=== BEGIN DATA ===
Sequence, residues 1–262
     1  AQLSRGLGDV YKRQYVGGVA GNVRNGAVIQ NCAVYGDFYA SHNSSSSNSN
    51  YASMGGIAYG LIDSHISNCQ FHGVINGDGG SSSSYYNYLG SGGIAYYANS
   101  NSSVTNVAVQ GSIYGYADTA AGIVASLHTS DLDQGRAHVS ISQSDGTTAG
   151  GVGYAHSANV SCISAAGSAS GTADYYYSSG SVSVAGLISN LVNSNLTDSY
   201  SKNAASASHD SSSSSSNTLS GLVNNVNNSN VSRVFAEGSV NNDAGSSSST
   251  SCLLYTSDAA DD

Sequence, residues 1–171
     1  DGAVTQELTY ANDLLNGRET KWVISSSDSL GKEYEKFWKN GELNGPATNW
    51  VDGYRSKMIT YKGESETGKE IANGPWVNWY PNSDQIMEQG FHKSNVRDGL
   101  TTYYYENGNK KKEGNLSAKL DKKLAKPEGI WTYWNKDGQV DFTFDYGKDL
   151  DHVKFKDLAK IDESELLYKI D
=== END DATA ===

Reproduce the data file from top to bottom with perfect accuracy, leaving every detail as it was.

Sequence, residues 1–262
     1  AQLSRGLGDV YKRQYVGGVA GNVRNGAVIQ NCAVYGDFYA SHNSSSSNSN
    51  YASMGGIAYG LIDSHISNCQ FHGVINGDGG SSSSYYNYLG SGGIAYYANS
   101  NSSVTNVAVQ GSIYGYADTA AGIVASLHTS DLDQGRAHVS ISQSDGTTAG
   151  GVGYAHSANV SCISAAGSAS GTADYYYSSG SVSVAGLISN LVNSNLTDSY
   201  SKNAASASHD SSSSSSNTLS GLVNNVNNSN VSRVFAEGSV NNDAGSSSST
   251  SCLLYTSDAA DD

Sequence, residues 1–171
     1  DGAVTQELTY ANDLLNGRET KWVISSSDSL GKEYEKFWKN GELNGPATNW
    51  VDGYRSKMIT YKGESETGKE IANGPWVNWY PNSDQIMEQG FHKSNVRDGL
   101  TTYYYENGNK KKEGNLSAKL DKKLAKPEGI WTYWNKDGQV DFTFDYGKDL
   151  DHVKFKDLAK IDESELLYKI D